How will it be for you?

Ali: In any case, everything changes when the first game starts. All the chat, expectation, prediction turns to dust. The World Cup becomes the music of our lives for a whole month – that’s the beauty of it.

Philippe: In the end, the only way to go is to shut the commercials from your mind – or watch them only to deconstruct them. And to support the team least financially compromised by the circus – Slovenia.

Rita: Retain your capacity to be enchanted, and you’ll find joy everywhere. And support the team of whom it was said: “Other countries have history. Uruguay has football”.

Ali: Think of it as a building block towards a real global community. Football is increasingly the metaphorical language of the world. It is the way strangers communicate, countries enter the world stage and be recognised. In 2006, Vietnam; in 2010, East Timor. Welcome to the world! And support the host countries, Korea and Japan, to make their investment in the great game justified.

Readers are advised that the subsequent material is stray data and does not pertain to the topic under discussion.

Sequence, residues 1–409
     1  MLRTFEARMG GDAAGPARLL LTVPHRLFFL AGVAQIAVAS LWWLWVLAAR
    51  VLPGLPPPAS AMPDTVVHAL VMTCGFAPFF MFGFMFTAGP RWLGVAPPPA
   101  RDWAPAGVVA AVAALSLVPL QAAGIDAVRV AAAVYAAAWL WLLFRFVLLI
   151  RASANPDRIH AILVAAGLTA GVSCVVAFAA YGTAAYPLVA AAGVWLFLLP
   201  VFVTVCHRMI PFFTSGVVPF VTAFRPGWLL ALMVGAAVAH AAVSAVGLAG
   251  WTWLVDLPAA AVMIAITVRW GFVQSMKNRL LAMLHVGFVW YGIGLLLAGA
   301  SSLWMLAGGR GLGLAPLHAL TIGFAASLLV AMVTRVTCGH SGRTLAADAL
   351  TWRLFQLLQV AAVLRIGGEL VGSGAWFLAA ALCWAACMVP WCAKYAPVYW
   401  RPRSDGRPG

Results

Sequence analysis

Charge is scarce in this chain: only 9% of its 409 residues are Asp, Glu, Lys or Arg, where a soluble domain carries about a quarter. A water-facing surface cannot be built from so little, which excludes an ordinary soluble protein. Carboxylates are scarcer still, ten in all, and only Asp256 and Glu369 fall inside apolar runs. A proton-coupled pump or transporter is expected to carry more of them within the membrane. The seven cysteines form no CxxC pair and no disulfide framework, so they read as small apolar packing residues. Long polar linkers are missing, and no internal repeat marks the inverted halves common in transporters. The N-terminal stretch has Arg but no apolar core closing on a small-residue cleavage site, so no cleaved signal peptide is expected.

Yolande: The best thing is always to be at the game itself. It’s the quality of experience in front of you and around you that matters. If you can’t be there, be an information guerrilla – pick up what you can, from whatever source. And then, get out and play, watch, participate. The world is always where you are.

 


We encourage anyone to comment, please consult the
oD commenting guidelines if you have any questions.